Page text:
Heart Beat Monitor plugin loaded for standalone testing

G_MESSAGES_DEBUG=phosh-plugin-heart-beat-monitor shows you the debug messages logged by your plugin named heart-beat-monitor.

Testing with Phosh Link to heading

You should be able to test your plugin locally without having to mess up your system configuration. In the following, we locally install Phosh, set the plugins and then run Phosh.

  1. Change the installation prefix.
$ meson configure _build -Dprefix="/home/user/phosh/install/"

This asks Meson to use /home/user/phosh/install/ as the directory to install Phosh. Feel free to replace it with any absolute path you like.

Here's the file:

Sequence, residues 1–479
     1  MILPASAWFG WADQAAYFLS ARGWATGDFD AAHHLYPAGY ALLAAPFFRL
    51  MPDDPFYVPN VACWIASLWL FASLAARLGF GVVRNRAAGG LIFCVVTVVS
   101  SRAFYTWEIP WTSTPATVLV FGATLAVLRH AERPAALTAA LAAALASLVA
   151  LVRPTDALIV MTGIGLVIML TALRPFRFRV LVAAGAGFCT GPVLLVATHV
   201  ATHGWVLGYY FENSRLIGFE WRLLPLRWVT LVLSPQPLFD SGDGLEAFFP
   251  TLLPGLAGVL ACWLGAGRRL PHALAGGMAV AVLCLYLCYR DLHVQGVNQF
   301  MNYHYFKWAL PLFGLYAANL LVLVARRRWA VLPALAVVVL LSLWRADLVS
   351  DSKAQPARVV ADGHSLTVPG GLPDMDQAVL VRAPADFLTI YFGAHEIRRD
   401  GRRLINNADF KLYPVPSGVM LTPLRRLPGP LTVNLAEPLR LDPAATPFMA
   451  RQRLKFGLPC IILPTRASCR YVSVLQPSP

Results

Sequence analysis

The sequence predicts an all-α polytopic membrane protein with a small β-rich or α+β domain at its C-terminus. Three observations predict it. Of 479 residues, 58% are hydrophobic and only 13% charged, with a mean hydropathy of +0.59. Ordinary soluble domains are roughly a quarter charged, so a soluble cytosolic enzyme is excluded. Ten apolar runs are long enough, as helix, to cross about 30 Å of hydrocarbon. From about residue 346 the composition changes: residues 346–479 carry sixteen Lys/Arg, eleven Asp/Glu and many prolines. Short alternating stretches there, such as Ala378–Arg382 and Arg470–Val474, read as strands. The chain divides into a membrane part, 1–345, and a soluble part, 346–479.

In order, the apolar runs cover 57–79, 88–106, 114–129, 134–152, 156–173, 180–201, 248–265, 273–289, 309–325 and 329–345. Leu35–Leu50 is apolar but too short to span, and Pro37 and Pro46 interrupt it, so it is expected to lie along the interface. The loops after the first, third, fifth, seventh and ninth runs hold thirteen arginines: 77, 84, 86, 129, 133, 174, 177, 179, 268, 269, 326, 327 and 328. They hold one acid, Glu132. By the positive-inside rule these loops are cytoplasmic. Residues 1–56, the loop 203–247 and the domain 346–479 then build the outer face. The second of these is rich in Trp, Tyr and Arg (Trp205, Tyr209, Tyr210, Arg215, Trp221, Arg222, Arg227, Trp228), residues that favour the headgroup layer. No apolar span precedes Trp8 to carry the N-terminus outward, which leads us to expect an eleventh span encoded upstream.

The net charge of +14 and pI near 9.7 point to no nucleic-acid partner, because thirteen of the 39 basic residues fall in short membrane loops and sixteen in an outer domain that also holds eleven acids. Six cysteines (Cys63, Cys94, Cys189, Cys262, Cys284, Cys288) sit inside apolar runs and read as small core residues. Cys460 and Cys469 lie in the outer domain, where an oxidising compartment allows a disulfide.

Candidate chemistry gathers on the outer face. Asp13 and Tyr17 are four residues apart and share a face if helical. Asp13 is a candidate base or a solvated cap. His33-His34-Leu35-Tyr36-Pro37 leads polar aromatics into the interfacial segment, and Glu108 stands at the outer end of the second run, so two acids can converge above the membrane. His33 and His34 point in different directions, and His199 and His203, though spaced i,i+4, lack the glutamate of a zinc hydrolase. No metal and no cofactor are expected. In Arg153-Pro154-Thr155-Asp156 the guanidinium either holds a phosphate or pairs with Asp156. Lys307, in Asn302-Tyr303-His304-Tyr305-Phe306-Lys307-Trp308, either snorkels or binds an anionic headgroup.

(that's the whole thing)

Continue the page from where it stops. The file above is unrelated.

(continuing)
1. Compile and install Phosh and the plugins.
$ meson compile -C _build
$ meson install -C _build
  1. Set the plugin as enabled.
$ GSETTINGS_SCHEMA_DIR=_build/data \
  gsettings set sm.puri.phosh.plugins quick-settings "['heart-beat-monitor']"

We ask GSettings to enable the quick-settings plugin named heart-beat-monitor. Actually, we are setting heart-beat-monitor as the only enabled quick-settings. It should simplify the testing by loading only your plugin.

For lock-screen extensions use the lock-screen key.

GSETTINGS_SCHEMA_DIR=_build/data asks GSettings to load the schema from _build/data directory.

GSETTINGS_BACKEND=keyfile saves the value to $HOME/.config/glib-2.0/settings/keyfile instead of messing up system settings.

  1. Run Phosh.
$ G_MESSAGES_DEBUG=phosh-plugin-heart-beat-monitor \
  GSETTINGS_SCHEMA_DIR=_build/data \
  phoc -C /usr/share/phosh/phoc.ini \
       -E "PREFIXDIR/libexec/phosh -U"